$40/hour, not bad. Is that for a 'regular nurse?' or is it for Theatre, ICU or other specialty? Just curious. Thanks.
    yes of course, compared to dubai, saudi, canada or even there in UK, the salary pay in the US is much greater.. starting regular nurse base pay in california (bay area) without experience new graduate is $40.. and if you work night shift, it's 12% difference, plus overtime? overtime is time and a half, and full time is just 3 times a week and 4 days off.. and if you're an experienced nurse with 5 years, you can be earning $60 per hour without differential
  12. Visit  bobby123 profile page
    0
    Thanks for the posts guys.

    Now I think I have an understanding of why Filipino Nurses want to work in the US. Having relatives is a no brainer. The financial rewards as per dibuh0 is tempting, very tempting and the history of Filipino nurses' migration to other countries by Juan de la Cruz had been very informative.

    But if you look at the recent posts about the job trends in the US, thanks to the GFC the jobs are no longer there.

    For those guys who still want to go to the 'Promised Land', equip yourselves with experience so that when those doors open you'll be ready... or take a detour
  13. Visit  Daly City RN profile page
    0
    dibuho wrote: yes of course, compared to dubai, saudi, canada or even there in UK, the salary pay in the US is much greater.. starting regular nurse base pay in california (bay area) without experience new graduate is $40.. and if you work night shift, it's 12% difference, plus overtime? overtime is time and a half, and full time is just 3 times a week and 4 days off.. and if you're an experienced nurse with 5 years, you can be earning $60 per hour without differential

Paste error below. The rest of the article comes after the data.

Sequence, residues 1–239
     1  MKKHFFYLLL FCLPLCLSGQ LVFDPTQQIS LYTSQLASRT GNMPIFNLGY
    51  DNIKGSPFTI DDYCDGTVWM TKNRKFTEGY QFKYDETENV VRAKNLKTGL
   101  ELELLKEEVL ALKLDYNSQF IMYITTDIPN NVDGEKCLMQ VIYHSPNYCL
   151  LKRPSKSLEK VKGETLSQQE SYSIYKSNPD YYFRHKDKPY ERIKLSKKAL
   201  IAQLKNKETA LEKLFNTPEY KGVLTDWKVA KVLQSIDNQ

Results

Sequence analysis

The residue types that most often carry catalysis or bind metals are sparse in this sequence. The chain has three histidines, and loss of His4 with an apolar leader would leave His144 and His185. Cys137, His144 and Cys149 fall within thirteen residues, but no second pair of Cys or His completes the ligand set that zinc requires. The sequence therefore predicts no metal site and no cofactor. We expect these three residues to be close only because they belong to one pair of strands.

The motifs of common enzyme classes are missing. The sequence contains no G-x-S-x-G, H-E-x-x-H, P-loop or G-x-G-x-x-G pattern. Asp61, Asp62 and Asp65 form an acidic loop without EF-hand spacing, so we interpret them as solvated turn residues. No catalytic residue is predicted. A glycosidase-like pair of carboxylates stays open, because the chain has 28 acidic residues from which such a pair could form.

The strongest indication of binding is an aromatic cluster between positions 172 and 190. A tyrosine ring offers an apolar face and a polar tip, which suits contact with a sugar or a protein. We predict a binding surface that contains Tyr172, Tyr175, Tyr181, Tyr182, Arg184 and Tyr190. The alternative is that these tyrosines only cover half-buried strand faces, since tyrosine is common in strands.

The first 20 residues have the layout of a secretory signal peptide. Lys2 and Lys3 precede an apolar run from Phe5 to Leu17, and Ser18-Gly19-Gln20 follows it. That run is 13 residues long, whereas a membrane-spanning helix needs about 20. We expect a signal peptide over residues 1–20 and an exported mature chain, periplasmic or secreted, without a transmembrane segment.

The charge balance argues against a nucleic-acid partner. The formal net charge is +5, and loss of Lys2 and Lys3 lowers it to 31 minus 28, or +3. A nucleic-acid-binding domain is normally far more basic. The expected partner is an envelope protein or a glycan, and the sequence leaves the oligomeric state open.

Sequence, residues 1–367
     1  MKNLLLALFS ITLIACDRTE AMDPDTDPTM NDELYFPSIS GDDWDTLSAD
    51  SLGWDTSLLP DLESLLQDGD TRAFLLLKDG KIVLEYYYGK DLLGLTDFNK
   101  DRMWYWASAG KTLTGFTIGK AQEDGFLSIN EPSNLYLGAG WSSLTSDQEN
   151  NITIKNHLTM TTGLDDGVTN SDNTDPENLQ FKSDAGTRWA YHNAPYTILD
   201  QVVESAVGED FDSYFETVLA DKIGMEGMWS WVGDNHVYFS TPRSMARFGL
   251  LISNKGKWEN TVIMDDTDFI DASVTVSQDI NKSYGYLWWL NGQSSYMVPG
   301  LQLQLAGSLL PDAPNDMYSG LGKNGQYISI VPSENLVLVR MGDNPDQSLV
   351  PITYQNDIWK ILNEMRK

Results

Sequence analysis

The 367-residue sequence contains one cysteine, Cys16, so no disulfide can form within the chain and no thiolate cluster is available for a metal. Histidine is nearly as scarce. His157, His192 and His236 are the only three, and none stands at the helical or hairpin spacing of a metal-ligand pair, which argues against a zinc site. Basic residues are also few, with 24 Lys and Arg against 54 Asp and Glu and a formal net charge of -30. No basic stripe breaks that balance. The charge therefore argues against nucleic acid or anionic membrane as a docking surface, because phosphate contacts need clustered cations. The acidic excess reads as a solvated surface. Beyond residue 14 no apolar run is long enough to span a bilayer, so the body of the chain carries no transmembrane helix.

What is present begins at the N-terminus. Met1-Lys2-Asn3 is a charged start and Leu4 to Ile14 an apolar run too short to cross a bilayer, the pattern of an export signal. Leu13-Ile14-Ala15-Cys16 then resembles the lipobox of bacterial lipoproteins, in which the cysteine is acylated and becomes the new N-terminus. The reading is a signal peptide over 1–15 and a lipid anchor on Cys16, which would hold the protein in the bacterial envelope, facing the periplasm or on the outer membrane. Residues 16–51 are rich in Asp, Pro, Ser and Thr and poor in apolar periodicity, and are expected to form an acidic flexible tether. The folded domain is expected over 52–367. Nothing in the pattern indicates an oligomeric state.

>>>>>>>>>>>>>>>>>>>>>>>>>>>>>>>>>>>>>>>>>>>>

    The $40 per hour in the San Francisco Bay Area seems about right. In the hospital where I used to work, the starting salary is now about $50/hr. and it tops to over $70/hr. for RNs with more than 25 years of seniority.

    I have a nephew who work in Phoenix, Arizona who is earning around $30/hr. The salary is lower compared to the Bay Area but the cost of living in Phoenix is much lower.

    Florida RNs earn even less and the working conditions are less than desirable compared to California's. In California, an RN in acute care hospital cannot have more than 5 patients, in other states such a Florida, RNs are typically assigned 6-8 patients. But in Florida, the cost of living is lower. It is "all relative" as they say.

    At the risk of sounding too materialistic, but if you are the type of person who wants to earn lots of $$$, California is the place to come. I see many RNs driving luxury cars (Mercedes Benz, BMW, Lexus), able to afford nicer homes and expensive vacations because they get paid handsomely. This is not to say that RNs in other states cannot afford these finer things in life though.

    If you are one of the lucky RNs who work or used to work in a government hospital here in the U.S.A. like myself, then you have that "early retirement" privilege and you get to retire in your 50's and get lifetime pension.

    The thing nowadays is that there are so many unemployed American nurses desiring for the same U.S. nursing jobs nurses in the Philippines hope to bag. Sadly, things aren't so rosy right now for Filipino nurses wishing to get hired here in the U.S.A.

    Just be patient folks. For how long? I wish I knew.
  14. Visit  core profile page
    0
    hi there. I am a novice nurse, graduated last 2010 and on the same year got my license, actually during my college days I really wanted to work in the USA because of the great salary of our fellow nurses there, but as time passes by, I changed my mind and rather go to Canada because currently I am working in a call center catering Canadian customers for a telephone company (because there are no chance to get hired as a staff nurse position here). hopefully I could get a shot to work in Canada in the future. God bless to all